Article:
Concentration in sport or work is at its best when you go in the zone. You are completely focused on the task at hand and all distractions disappear into the distance. Many people view concentration as if it were a thing. They will say things like “It broke my concentration”, “I lost my concentration”. Concentration, though, is not a thing it is a process.
Having great concentration is all about your ability to direct your attention to relevant information for a certain amount of time. Concentration is as much about focusing your attention on important information or cues as it is about blotting out anything that is irrelevant or distracting.
One of the reasons it is difficult for us to maintain concentration is evolutionary. There was a time when we were not just the hunters but also the hunted. For this reason it was not good to focus too long on one thing. Our unconscious mind is there to protect us and is always looking for threats.
I love cycling at night and in this instance it’s a great metaphor for what concentration is. Imagine that you are riding your bike at night and you have a powerful light on your helmet. You are staying focused on the road ahead and the light is guiding your way.
Now let’s say you hear your name being called from the side of the road. You turn to see who it is. You are no longer focused on the road. Have you lost your concentration? The answer is no. What you have done is refocus it. We don’t lose concentration or have it broken. Instead we shift its attention. We focus our mental torch on different information or a cue – in this case your name.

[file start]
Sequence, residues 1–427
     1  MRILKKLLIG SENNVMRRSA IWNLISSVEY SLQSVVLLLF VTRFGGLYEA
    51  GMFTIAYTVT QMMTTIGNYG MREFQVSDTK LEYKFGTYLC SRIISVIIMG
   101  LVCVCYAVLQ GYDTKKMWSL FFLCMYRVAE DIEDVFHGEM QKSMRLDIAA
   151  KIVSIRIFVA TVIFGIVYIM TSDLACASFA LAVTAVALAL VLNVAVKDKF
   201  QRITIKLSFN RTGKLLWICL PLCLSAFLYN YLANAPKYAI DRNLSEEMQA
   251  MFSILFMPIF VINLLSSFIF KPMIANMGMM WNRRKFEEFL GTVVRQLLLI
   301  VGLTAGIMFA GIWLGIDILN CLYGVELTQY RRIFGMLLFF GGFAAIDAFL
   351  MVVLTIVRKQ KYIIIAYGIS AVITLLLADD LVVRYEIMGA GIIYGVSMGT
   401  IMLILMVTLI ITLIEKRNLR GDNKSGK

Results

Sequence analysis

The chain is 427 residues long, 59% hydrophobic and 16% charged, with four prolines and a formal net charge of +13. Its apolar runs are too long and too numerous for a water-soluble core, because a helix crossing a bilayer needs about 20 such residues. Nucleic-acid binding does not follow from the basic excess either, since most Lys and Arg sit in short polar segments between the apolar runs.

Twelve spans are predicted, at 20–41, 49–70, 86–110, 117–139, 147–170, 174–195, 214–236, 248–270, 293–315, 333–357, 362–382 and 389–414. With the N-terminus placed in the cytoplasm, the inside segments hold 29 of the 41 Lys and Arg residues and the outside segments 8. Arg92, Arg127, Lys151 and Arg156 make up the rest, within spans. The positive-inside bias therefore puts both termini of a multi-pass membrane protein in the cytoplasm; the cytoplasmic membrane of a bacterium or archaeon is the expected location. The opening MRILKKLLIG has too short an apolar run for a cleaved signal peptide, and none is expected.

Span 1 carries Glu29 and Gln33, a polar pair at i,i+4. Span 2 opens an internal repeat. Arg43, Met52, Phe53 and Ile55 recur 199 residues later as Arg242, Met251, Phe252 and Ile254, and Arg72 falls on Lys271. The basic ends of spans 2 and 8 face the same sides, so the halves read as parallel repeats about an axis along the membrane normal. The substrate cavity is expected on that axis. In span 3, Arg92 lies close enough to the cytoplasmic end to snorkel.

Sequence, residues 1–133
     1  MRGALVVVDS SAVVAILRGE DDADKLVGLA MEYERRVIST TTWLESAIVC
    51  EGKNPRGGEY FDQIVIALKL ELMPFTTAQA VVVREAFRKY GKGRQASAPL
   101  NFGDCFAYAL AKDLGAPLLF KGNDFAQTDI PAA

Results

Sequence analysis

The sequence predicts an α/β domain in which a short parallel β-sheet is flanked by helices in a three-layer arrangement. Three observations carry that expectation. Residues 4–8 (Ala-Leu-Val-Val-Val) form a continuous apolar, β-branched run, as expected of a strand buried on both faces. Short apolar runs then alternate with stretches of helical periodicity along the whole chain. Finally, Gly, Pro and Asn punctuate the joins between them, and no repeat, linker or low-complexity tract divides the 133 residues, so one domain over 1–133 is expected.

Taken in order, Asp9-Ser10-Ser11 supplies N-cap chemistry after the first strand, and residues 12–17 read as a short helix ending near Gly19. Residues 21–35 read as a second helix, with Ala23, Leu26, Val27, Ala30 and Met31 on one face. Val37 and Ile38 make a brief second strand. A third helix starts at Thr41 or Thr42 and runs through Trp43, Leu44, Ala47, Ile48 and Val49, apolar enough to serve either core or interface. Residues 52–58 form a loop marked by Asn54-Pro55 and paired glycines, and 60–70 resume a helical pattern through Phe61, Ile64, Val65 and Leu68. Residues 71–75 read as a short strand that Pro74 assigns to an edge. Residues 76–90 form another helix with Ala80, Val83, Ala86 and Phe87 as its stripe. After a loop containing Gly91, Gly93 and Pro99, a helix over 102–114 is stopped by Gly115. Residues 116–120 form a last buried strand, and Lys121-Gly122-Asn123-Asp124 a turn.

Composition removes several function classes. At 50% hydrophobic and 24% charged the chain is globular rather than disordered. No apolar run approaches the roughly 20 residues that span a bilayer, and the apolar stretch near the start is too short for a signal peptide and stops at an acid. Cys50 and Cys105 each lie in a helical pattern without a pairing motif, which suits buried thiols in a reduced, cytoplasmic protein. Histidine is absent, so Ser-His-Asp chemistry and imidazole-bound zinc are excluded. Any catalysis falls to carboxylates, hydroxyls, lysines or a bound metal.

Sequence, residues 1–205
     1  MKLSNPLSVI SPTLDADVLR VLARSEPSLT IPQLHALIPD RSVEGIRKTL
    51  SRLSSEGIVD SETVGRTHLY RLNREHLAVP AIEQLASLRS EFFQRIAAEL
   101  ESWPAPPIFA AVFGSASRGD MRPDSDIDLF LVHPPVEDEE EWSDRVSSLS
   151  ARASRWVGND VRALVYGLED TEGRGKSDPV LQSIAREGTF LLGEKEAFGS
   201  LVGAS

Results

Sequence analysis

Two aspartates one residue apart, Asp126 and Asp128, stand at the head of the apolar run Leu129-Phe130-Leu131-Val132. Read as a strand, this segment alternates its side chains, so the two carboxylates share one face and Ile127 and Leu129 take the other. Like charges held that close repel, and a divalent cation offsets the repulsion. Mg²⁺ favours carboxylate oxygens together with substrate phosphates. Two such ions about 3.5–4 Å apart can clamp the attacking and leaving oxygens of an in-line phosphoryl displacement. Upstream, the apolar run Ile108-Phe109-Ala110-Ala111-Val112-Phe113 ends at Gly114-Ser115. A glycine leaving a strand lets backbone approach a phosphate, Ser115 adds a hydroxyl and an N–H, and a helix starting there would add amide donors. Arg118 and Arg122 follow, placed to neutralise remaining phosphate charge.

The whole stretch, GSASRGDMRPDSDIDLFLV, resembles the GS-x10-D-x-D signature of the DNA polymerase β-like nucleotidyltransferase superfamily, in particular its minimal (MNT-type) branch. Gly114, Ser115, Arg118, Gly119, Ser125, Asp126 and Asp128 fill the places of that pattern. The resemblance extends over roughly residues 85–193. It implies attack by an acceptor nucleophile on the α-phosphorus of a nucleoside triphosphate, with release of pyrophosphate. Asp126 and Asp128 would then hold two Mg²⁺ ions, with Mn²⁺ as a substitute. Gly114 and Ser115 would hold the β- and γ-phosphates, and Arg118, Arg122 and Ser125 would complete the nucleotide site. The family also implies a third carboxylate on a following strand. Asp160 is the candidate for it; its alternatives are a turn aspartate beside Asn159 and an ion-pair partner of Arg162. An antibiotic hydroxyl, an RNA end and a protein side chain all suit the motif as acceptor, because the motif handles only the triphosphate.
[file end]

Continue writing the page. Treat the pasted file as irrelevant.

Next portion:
In sport elite athletes have to contend with lots of information coming their way and some of it is really fast, including the opponent, the environment, the referee, the crowd, the coach, the score, not to mention all the internal information such as personal thoughts and thoughts of winning or losing. Knowing what to direct their attention towards and what to blot out is important for success.
In the workplace, there can be just as much information coming your way at speed. Notifications about emails, social media alerts, your colleagues working close to you and internal distractions such as concerns about finances or an upcoming report you have to deliver in a certain time frame.
Here are six suggestions I have taken from elite athletes which can help you in your business:
1. Before you start to work on something decide what it is you want to get done and within what time frame. Write the goal and time down. An example might be to write a 350 word article in one hour.
2. Understand your distractions and how you can take control of them. Make a list of those things that distract you and what actions you are going to put in place to overcome them.
3. Design a pre-focus routine. An example may be:
- Put phone on silent and face down
- Switch off all apps and Wifi
- Write out what your goal is for this focused session and how long you have to do it
- Put headphones on and play a playlist of music you enjoy (Set up the playlist in your free time so you don’t waste time trying to create something before you begin your work)
- Take a few moments to breathe and then begin
It is important that your routine is practiced before every focused session to set up habits.
4. Go with the flow on distractions. If something pops into your mind about an email that needs to be sent or a conversation you need to have with someone just write it down on a notebook beside you and keep going. You can do those things after your focused session.
5. Use keywords to refocus when you find your mind starting to wander. Example – “Get Back To It!”
6. Use physical reminders to refocus, e.g. a click of fingers or take a breath and then “Get Back To IT!”
All of the above will take some time to practice before it becomes a habit. That is no different to how it was when you learned to brush your teeth. Remember that the mind is designed shift focus but you can train your mind to refocus. Take small breaks when you need it by standing up or taking a breath and then Get Back To It!
If you have any questions or comments please feel free to share them with me.